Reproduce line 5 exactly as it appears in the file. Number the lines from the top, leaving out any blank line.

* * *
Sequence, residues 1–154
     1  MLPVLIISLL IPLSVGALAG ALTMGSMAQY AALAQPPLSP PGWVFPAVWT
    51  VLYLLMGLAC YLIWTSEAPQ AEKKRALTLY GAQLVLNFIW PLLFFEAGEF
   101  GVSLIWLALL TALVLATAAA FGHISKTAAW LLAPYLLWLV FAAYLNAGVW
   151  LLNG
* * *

   151  LLNG